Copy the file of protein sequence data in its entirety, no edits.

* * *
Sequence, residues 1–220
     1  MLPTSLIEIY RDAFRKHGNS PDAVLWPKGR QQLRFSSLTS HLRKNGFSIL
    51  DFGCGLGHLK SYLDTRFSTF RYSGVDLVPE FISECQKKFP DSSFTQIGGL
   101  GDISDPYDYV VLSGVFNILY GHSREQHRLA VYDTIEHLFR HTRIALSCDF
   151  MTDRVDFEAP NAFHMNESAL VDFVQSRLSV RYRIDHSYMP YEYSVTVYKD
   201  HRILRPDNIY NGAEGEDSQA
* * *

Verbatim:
Sequence, residues 1–220
     1  MLPTSLIEIY RDAFRKHGNS PDAVLWPKGR QQLRFSSLTS HLRKNGFSIL
    51  DFGCGLGHLK SYLDTRFSTF RYSGVDLVPE FISECQKKFP DSSFTQIGGL
   101  GDISDPYDYV VLSGVFNILY GHSREQHRLA VYDTIEHLFR HTRIALSCDF
   151  MTDRVDFEAP NAFHMNESAL VDFVQSRLSV RYRIDHSYMP YEYSVTVYKD
   201  HRILRPDNIY NGAEGEDSQA